Social Issues: 44 year-old Doreen Dyer of St. Thomas, who was recorded on video beating her daughter with a machete some time last year, was granted bail on October 11. She will return to court on November 15 on child cruelty charges. The video went viral on social media and renewed the heated debate on child abuse and corporal punishment. The Children’s Registry reports 3,639 cases of physical abuse of children, an increase from last year. Counselling psychologist Dr. Patrece Charles makes some telling comments in this articleI agree with the Children’s Advocate; a recent radio interview with the child in the video was quite inappropriate.

My thoughts: I wrote about this matter for Gleaner blogs here. 

Technology: What is the Government doing with the old Jamintel building (which I noticed had got a coat of paint)?

Transport: The Jamaica Urban Transit Company (JUTC) is heavily overstaffed, according to the Holness administration. Transport Minister Mike Henry is apparently trying to sort things out. Feathers are ruffled.

My thoughts: The way the JUTC was first established in 1999 and staffed (largely with political sympathisers, it is said) was always dubious. The current Opposition Leader Peter Phillips was Minister of Transport and Works at the time (1998-2001). There seems to be a serious disconnect now between the Ministry and unions, which is unfortunate. This administration is under pressure from the IMF to ‘rationalise” the public sector. This could be a nasty fight.

Youth: Jamaica Constabulary Force (JCF) recruiters are concerned about bleached and tattoed youth with “ludicrous hairstyles.” The JCF says around 300 people leave the JCF annually (why?)

My thoughts: Don’t make excuses. Please, JCF, ask yourself why you are unable to attract more youth (bleached or unbleached).

In the past three years, 1,419 children (including 46 girls) have been involved in major crimes, says Head of the Area One Police, Assistant Commissioner Donovan Graham, who is also worried about the bleaching.

My thoughts: I wish these police officers would not engage in hyperbole when they get behind a microphone. “Three young men with the milk still coming out of their mouth”… Rather than sensationalise the issue, I would like to see them talk about practical actions that can and should be taken.

These are not statistics. These are Jamaican citizens. My condolences to the families:

Patrick Myrie, 20, otherwise called Zeeks, was shot dead in Lewis District, St. Ann. Police suggest he was shot during a dispute. He was found by residents with a loaded gun in his pocket, which was handed to the police (they did not have anything good to say about Myrie, who was recently released from jail).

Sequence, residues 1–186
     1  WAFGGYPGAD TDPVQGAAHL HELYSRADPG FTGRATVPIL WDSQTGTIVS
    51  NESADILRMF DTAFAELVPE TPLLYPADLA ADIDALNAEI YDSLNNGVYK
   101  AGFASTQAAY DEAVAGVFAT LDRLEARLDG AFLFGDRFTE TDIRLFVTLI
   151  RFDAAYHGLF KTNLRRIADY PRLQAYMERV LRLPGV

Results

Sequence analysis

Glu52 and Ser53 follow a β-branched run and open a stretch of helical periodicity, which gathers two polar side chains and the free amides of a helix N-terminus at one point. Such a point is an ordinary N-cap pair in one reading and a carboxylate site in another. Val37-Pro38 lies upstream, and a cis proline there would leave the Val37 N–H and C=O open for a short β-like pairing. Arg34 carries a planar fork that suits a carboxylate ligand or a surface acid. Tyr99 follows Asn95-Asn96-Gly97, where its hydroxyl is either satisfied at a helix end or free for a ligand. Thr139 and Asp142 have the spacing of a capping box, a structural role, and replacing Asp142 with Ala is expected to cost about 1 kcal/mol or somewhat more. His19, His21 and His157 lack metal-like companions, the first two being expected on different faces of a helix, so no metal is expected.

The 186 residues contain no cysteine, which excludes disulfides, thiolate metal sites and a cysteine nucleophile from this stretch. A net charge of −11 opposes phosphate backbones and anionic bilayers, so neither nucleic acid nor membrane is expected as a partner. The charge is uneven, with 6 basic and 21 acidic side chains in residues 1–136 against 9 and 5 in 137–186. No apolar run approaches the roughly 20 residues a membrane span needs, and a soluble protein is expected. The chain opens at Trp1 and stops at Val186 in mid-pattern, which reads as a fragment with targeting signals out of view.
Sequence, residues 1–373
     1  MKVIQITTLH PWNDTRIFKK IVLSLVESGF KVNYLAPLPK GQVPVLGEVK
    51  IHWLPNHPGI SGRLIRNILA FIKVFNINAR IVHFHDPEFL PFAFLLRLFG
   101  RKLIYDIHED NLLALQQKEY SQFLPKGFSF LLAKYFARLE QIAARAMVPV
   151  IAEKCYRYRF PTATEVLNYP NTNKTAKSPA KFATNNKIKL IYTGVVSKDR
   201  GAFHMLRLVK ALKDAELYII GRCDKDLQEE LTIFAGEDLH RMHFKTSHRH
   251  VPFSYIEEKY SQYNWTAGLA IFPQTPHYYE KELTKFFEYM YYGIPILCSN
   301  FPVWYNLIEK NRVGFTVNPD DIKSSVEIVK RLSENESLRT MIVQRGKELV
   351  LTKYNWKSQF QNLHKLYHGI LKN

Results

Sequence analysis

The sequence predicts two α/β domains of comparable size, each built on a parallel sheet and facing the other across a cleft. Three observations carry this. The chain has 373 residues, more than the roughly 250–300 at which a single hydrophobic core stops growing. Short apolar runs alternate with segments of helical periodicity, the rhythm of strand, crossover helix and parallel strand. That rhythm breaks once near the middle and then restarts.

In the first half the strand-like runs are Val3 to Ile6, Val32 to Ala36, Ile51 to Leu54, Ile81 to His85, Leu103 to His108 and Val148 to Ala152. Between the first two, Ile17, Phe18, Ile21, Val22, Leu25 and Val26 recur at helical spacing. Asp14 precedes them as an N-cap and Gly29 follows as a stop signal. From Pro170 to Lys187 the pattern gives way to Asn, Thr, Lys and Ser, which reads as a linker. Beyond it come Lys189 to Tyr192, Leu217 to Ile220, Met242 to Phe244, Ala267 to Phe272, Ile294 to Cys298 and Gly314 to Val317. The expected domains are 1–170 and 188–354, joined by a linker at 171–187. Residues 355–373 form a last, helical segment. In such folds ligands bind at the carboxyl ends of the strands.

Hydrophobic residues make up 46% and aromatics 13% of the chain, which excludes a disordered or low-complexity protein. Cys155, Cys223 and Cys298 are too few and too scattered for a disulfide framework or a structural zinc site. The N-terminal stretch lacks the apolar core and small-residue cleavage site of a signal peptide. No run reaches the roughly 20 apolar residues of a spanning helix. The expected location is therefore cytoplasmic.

Vanessa Murray, 25, a bartender, and Aldin “Mac” Smith were found dead in their home in Mansfield Heights (“Afghanistan”) – a large “informal settlement” near Ocho Rios, St. Ann.

76-year-old William Patterson was stabbed to death, apparently by a man of “unsound mind,” while digging a grave in Ocho Rios, St. Ann.

Garth Anthony Stewart, 33 and Paul Lewis were shot dead by police on October 11. Both were “wanted men,” the JCF reports. Stewart was killed inside a  house in Cane Cannon District, Westmoreland; he had reportedly threatened a pastor at a funeral service earlier. A woman caught in crossfire was injured. Lewis, allegedly a member of the St. James based G-City Gang, was shot dead in Old Harbour, St. Catherine. A gun was taken from him.

30-year-old Bryan Blackwood was shot dead in Savannah-la-Mar, Westmoreland. He was reportedly playing ludo.

60 year old Clement Foster, a goat farmer, was shot dead in Spring Park, St. Elizabeth.

52-year-old fisherman Noel Usherwood was shot dead and three injured after gunmen invaded a bar in Johnson Town, Hanover.

23-year-old Kingsley Gunter was shot dead by a licensed firearm holder on a bus on Spanish Town Road, Kingston. He was attempting to rob passengers. A gun was seized.

Teri Ann Morris, 30, was doused with acid while sleeping at her home in Greenwich Farm, Kingston. Her eight year-old daughter was seriously injured. Morris’ former boyfriend has been charged with her murder.

Police shot dead an unidentified man on Gem Road/Maxfield Avenue in Kingston.

A mentally ill man was shot dead at the Portmore “100 Man” police station.

 


6 thoughts on “A Doctor’s Dilemma, “Worsening” Corruption and Too Many Bus Drivers: Jamaica, Monday October 16, 2017

  1. Another informative read Auntie Emma! I too laud that very important move by Minister Grange ( and also the Pan Africanists who have championed the cause) re expunging the criminal records of our heroes…

    Like

  2. Again I thank you for a very informative blog…corruption seems to be spiraling everywhere..and it is so hard to measure-so obvious to many.

    Like

    1. Yes – it’s obvious and then again not so obvious. National Integrity Action (most of whose members are young people, students etc) are trying to tackle it head on. The battle is not an easy one though. When people say the word “corruption,” they often have different things in mind… Different definitions, different situations.

      Like